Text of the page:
Guido Campello: What is sourcing today?
Bob Dzielak: Manufacturing is largely sourced in foreign countries such as China and Brazil. Plants in the US have been shutting down since it can no longer support too much capacity.
Edward Hertzman: The US is largely uninformed since it isn’t eager to keep up with the technological changes in the world, making the future of our businesses a challenge since things will become increasingly complex for those who aren’t willing to keep up.
Margaret Clougher: Today, the biggest challenges are finding the right people and product, as well as managing costing and finding ways to get what’s needed even faster.
Guido Campello: What are the changes that affect us regarding China production?
Bob Dzielak: China has reached its peak and is losing relevancy in sourcing. They’re moving into more attractive industries, away from textiles and into more glamorous/higher-paying fields. Sourcing is moving to other countries like Vietnam.
Edward Hertzman: For the most part, China will continue to lead in manufacturing. The capacity of Pakistan, Vietnam, and Bangladesh combined wouldn’t even equal China’s value of exports. There are still many opportunities in China, but many of their factories are now busy manufacturing their own local products.
Margaret Clougher: The intimate apparel industry has been slower to move to China, especially in regards to the supply chain. We’re moving into places like Cambodia, the Burmese border and potentially Vietnam.
Guido Campello: Why isn’t there more inventiveness in production in the US?
Edward Hertzman: It comes down to civil economics. The average factory in America will earn more in one day than a worker in Bangladesh would earn in a month. However, there are loopholes. If you’re willing to sell products at high prices suited for specialty boutiques, manufacturing in the US is a viable option.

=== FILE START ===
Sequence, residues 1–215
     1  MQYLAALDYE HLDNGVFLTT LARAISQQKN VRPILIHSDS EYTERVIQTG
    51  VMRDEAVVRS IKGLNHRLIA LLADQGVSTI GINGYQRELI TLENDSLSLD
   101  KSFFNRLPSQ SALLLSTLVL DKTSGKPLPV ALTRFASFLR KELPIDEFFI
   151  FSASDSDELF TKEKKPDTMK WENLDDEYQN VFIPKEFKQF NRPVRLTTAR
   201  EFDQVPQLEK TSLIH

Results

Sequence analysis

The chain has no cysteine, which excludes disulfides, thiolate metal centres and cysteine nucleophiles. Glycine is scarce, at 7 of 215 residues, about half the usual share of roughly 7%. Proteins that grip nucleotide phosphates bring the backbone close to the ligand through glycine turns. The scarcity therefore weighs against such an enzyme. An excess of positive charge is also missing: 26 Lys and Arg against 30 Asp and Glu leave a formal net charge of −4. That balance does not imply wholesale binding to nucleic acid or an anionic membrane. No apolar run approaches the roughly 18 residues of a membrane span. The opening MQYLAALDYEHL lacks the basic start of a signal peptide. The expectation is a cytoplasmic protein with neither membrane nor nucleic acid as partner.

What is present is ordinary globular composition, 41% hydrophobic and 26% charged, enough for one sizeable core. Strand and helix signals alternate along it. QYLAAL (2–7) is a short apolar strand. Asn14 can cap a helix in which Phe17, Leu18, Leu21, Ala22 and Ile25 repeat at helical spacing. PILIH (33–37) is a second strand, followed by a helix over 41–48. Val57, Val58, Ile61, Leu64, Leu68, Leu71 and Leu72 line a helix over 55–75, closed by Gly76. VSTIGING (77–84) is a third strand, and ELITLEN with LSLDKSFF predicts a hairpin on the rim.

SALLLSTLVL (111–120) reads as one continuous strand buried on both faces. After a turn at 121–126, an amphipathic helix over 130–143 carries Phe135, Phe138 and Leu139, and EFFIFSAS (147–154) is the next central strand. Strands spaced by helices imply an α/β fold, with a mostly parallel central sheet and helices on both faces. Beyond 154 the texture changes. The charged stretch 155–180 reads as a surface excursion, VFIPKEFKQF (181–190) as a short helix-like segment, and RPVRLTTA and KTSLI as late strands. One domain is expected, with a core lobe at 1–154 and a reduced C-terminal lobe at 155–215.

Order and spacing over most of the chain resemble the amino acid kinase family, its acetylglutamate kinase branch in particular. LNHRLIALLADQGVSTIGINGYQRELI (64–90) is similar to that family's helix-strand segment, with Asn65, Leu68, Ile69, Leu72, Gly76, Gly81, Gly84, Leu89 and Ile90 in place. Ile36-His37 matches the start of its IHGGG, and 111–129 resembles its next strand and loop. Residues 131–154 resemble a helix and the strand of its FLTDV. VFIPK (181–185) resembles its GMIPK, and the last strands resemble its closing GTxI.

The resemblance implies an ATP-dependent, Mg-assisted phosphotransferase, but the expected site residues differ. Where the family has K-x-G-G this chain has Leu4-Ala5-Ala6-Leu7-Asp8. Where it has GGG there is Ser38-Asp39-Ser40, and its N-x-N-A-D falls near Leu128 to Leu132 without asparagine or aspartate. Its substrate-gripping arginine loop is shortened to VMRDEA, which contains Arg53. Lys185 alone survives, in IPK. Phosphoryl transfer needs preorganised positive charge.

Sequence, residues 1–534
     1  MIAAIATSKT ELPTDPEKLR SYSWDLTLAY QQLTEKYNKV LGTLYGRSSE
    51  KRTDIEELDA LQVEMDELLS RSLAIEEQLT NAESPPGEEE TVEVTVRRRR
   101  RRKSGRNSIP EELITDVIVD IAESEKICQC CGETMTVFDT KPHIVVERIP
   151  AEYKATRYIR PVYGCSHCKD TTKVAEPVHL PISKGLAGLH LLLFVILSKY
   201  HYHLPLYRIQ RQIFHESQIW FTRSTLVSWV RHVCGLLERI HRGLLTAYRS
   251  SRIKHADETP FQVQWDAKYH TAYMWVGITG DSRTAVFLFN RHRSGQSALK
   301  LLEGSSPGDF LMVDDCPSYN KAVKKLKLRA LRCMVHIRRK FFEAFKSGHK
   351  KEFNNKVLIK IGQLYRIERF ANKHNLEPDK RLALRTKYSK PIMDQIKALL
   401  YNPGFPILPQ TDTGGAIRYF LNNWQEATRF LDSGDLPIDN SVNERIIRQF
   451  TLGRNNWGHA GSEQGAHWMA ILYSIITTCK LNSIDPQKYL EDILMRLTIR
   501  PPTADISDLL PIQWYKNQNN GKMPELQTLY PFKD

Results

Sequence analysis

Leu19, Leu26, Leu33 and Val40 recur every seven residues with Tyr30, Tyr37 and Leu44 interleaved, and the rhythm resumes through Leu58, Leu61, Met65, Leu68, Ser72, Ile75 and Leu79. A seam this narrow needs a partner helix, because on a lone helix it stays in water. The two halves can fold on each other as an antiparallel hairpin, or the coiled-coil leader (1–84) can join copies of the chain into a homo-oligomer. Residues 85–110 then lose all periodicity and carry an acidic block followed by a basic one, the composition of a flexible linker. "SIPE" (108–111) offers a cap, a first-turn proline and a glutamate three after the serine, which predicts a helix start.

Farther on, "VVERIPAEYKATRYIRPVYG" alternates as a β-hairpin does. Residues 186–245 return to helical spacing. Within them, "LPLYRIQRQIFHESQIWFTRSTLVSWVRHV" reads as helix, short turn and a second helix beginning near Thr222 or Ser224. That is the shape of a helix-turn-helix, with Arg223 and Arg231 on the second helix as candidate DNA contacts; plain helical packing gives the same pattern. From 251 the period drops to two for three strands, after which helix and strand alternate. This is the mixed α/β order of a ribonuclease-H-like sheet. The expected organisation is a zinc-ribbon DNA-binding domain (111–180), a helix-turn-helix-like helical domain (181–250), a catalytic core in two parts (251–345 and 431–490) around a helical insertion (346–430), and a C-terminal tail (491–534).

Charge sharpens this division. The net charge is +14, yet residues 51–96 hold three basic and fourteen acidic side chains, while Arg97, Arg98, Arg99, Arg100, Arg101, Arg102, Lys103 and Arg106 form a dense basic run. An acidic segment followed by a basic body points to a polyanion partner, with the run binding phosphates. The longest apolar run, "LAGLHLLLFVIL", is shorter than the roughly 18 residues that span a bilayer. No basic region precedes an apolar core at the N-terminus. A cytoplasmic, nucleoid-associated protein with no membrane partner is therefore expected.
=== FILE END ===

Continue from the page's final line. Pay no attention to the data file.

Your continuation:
Margaret Clougher: There’s a compliance piece to it all that makes it very difficult to afford to manufacture in this country and going around loopholes can create brand integrity issues.
Guido Campello: Would you say that sourcing in first world countries will end up dying off because of a failure to teach Incoming generations the necessary skill sets?
Bob Dzielak: Investment is coming back to the US for cotton spinning. Cotton’s cheap here and there’s low labor, which makes the US able to compete globally. There are still low labor, highly technical opportunities available.
Edward Hertzman: Different skill sets, price points, and supply chains affect where a product should be made. New generations are always shifting the business they focus on, which ends up repeating itself in cycles. There’s a progression of this that’s seen in every country.
Margaret Clougher: There will always be an emerging third world and eventually there will be no place left. The infrastructure of any country must come first because without steady power, there will be serious challenges. Intimate apparel is the most resistant industry and since the supply chain is slow to move, we’re going to have a difficult time keeping up.
Guido Campello: How can we marry culture into production so that future generations are willing and able to create continuity?
Edward Hertzman: We want to create long term partnerships. Creating healthy competition isn’t bad, either. You have to think about how to create a level of transparency within the organization in order to empower employees so they might feel personally invested in the company.
Margaret Clougher: If you’re in sourcing and production, half of your job is in protecting your factory bases in order to protect your company. You should also have direct relationships with your employees to create meaning and purpose.